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With Snowden Loose, Lawmakers Urge Obama to Nix Russia Trip

Andrew Harrer-Pool/Getty Images(WASHINGTON) -- After Russia granted NSA leaker Edward Snowden asylum for one year Thursday, top lawmakers in the U.S. Congress suggested President Obama reconsider an upcoming trip to meet with the Russian president, and warned that the diplomatic move jeopardizes the bilateral relationship between the former Cold War adversaries.

Sen. Charles Schumer, the Senate's third-ranking Democrat, called Snowden, who was stuck in a Moscow airport for 39 days, a "coward who has chosen to run," and suggested the president reconsider an upcoming trip to St. Petersburg, Russia for the G-20 summit early next month.

"Russia has stabbed us in the back, and each day that Mr. Snowden is allowed to roam free is another twist of the knife," Schumer, D-N.Y., wrote in a statement. "Given Russia's decision today, the President should recommend moving the G-20 summit."

The White House had announced in June that President Obama also intended to stop in Moscow to attend a bilateral summit with Putin.

Sen. John McCain, a senior Republican on the Senate Foreign Relations committee, called Russia's decision a "disgrace" and a pointed move to "embarrass" the U.S.

"It is a slap in the face of all Americans," McCain, R-Ariz., wrote in a statement. "Now is the time to fundamentally rethink our relationship with Putin's Russia."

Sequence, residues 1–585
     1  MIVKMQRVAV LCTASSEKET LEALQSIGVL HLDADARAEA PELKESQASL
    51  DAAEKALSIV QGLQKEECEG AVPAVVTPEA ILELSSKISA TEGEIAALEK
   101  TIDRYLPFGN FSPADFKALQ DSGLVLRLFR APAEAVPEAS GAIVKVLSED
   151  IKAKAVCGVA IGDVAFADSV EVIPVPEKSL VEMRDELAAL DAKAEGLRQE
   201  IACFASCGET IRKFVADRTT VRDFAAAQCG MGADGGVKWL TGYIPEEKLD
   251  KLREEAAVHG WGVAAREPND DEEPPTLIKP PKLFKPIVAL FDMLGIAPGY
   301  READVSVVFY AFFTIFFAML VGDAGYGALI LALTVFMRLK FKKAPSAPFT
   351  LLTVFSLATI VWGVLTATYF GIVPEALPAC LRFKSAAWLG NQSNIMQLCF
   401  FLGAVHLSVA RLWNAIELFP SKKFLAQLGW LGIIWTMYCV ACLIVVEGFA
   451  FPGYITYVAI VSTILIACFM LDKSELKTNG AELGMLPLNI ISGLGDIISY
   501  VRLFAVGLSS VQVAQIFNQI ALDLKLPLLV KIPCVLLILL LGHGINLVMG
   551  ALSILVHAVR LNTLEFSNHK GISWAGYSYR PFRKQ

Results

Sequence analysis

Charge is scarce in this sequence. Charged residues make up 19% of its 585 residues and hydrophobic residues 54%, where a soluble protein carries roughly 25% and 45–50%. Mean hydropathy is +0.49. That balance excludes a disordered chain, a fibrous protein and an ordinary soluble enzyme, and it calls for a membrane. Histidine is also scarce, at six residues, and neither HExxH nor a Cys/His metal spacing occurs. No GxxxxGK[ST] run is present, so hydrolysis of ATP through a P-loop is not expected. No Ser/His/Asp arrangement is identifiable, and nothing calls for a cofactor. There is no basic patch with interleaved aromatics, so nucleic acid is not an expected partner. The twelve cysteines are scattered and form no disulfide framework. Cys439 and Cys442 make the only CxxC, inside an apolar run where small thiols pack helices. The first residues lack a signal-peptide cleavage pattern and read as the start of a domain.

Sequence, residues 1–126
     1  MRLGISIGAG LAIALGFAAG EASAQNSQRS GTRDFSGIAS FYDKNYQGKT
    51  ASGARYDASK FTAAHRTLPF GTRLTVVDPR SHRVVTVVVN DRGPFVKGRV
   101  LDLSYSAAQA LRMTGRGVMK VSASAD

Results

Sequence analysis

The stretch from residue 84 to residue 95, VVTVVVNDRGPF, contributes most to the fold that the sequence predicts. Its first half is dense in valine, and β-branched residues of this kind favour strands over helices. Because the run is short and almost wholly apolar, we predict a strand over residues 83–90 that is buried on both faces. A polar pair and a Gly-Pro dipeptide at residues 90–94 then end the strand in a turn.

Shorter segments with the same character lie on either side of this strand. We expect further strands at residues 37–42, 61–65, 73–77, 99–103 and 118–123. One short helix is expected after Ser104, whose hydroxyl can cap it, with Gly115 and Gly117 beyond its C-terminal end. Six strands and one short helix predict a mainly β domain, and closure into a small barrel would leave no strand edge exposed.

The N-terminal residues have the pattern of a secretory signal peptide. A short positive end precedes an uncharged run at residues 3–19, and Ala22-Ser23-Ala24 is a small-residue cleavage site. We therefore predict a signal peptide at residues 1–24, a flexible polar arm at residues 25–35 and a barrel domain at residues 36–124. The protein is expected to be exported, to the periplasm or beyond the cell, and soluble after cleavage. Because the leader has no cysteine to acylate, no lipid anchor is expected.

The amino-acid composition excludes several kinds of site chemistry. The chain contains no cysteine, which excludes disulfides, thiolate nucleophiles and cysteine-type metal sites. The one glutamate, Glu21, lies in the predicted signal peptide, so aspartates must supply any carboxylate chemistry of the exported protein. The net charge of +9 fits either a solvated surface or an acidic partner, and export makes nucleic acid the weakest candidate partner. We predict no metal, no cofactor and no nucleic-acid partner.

House Speaker John Boehner said that while Snowden's actions "have hurt the ability of our country to protect our citizens" he is leaving it to Obama to "decide the best way to engage" Putin.

"I would hope that President Obama would engage President Putin on this issue and resolve it in a way that's satisfactory to the American people," Boehner, R-Ohio, said. "I'll let him decide."

House Democratic Whip Steny Hoyer, the second-ranking Democrat in the House of Representatives, said there's "no doubt that the relations between Russia and the United States have not been on a positive track," but "it doesn't mean that we shouldn't have continuing interface with the Russians because we have a lot of mutual interests that are very important to both countries."

"The administration clearly has been in touch, has been in communication with the Russians, urged them not to give Snowden sanctuary," Hoyer, D-Md., said. Granting Snowden asylum is "not consistent with our request, and that will certainly not help the relations between the two countries."

Asked whether the president should still meet with Putin, Hoyer indicated he did not want to "prejudge the president's view" but he pointed to President Reagan's negotiations with the Soviet Union during the Cold War as a historical example of positive developments that can come from engagement.

"Reagan said trust but verify. He could have said talk but make sure you protect your own interests," Hoyer said. "[Reagan] believed that talk was important and that the objectives were important. We'll see what the president thinks at this juncture."

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